How to recognise and interpret behaviour associated with family violence
  • Unexplained or multiple injuries: bruises, burns, lacerations, bites.
  • Injuries at different stages of healing
  • Injuries hidden by clothing or on central body areas
  • Delay between injury and care-seeking behaviour
  • Describes self as “accident prone”
  • Partner present at office visits and/or speaks for the patient
  • Appearance of low self esteem
  • History of alcohol or drug abuse
  • History of anxiety, depression, or suicide attempt
  • Frequent office visits for somatic complaints (e.g, pelvic pain, headaches, gastric upset)

3) Resources and Referral pathways;

Knowing the local community resources that exist for victims of violence will provide access for the health professionals and may facilitate referral, provide crisis intervention for the victim and support that may empower the affected families. As a Front Line health professional, it is important to consider the goal of primary intervention; to prevent a detrimental health event from occurring. Therefore screening and connecting to the appropriate support is paramount.

Information for therapists

What do therapists need to know?

Much of what we have covered for front line health professionals relates in the therapeutic space as well. However, as we are generally providing longer term support and more in-depth assessment and treatment there are further considerations. It is important to explore specialised training that builds skill and knowledge in working with families experiencing trauma to better understand the impacts and outcomes for people who experience family violence.

It is also important to consider the creation and promotion of linkages with your local and National health care providers. There are facilities, health care providers, local shelters, and other resources for families experiencing violence. Knowing about these and developing contacts allows for relationships with “the system” before a need arises. These contacts will help you to know what can be done and enhance your confidence to empower the family if family violence is identified. It is also crucial to consider vicarious trauma and your own self-care.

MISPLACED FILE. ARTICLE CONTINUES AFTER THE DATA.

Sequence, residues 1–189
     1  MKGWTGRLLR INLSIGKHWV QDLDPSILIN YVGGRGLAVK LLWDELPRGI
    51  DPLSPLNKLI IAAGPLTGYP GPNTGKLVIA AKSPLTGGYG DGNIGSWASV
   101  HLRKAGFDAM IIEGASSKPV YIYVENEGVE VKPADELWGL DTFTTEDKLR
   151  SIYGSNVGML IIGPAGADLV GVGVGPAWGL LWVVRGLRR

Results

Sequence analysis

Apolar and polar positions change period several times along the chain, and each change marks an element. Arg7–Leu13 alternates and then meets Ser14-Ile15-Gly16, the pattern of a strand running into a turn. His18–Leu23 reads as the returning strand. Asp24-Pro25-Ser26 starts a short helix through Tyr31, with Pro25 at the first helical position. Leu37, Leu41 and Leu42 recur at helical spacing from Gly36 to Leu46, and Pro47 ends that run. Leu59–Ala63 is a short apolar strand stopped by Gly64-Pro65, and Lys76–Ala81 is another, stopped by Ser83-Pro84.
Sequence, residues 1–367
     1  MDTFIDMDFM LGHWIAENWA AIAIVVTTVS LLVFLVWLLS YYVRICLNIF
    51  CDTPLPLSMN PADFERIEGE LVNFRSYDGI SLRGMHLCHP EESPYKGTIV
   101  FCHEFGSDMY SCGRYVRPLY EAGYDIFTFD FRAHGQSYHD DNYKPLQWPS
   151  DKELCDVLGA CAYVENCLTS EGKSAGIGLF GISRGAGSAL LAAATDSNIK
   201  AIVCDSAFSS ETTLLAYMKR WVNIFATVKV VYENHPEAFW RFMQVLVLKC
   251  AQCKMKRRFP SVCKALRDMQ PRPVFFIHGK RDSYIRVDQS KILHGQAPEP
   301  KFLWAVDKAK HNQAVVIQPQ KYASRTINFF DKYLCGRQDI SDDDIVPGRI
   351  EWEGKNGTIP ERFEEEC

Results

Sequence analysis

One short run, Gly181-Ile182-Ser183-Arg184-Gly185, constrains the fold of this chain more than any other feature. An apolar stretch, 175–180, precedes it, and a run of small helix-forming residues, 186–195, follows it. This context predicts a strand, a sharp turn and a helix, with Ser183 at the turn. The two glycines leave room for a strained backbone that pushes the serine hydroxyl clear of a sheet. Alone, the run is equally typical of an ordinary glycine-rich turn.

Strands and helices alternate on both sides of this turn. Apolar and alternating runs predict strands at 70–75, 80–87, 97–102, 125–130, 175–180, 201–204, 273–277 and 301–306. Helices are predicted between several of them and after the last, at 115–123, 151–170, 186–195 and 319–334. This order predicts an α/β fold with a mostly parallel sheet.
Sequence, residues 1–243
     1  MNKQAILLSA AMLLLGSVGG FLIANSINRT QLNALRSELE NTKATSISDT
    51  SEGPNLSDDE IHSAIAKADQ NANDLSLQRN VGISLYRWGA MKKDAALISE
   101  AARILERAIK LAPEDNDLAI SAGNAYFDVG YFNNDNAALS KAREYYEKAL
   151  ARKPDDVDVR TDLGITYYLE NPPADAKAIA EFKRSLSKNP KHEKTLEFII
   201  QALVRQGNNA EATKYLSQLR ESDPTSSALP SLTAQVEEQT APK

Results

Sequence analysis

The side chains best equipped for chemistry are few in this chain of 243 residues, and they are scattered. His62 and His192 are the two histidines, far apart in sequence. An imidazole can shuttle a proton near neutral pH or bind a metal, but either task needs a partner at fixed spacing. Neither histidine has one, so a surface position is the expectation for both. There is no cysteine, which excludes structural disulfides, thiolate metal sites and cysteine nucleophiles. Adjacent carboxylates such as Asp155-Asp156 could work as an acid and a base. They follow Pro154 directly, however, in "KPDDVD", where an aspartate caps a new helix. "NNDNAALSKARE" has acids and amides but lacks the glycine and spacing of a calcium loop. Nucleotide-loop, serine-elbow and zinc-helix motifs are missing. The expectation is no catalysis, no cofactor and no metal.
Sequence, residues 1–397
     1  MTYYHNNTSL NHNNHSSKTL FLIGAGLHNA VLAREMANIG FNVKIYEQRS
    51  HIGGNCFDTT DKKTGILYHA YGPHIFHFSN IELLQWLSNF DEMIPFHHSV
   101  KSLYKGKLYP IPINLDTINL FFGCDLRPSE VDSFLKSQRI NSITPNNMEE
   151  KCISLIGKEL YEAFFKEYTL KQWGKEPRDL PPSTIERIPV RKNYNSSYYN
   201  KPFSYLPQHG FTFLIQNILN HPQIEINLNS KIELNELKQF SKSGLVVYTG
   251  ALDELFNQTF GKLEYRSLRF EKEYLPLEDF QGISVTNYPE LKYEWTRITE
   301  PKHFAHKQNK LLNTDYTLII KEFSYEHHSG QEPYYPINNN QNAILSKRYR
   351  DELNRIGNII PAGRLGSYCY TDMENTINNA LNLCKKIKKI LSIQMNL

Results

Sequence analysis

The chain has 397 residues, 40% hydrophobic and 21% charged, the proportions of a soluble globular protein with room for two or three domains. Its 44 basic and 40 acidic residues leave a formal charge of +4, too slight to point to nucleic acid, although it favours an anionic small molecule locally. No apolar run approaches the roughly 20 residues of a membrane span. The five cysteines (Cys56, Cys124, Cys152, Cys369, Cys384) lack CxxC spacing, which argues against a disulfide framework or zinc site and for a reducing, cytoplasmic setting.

For additional clinical support and guidance the following sites may be helpful:

What should therapists provide?

  • Patient empowerment:  Use your clients strengths to empower them in the development of their treatment and choices for support.
  • Choice: Inform your clients regarding their treatment and support options. Involve them in the choice of the treatment options they prefer and provide psycho-education that will support this process.
  • Collaboration: Maximizing collaboration both with your client, their families and any other healthcare providers (such as Midwives, Obstetricians and Maternal Child Health Nurses) will support their healing and wellbeing.
  • Safety: Developing health care settings and activities that ensure clients physical and emotional safety. This may also involve communicating with other services in the clients care, or empowering them to voice their own needs in spaces such as antenatal and birth settings; and
  • Trustworthiness: Creating clear expectations with clients about what proposed treatments entail and what options they have. As well as exploring who can provide services, and how care will be communicated and provided.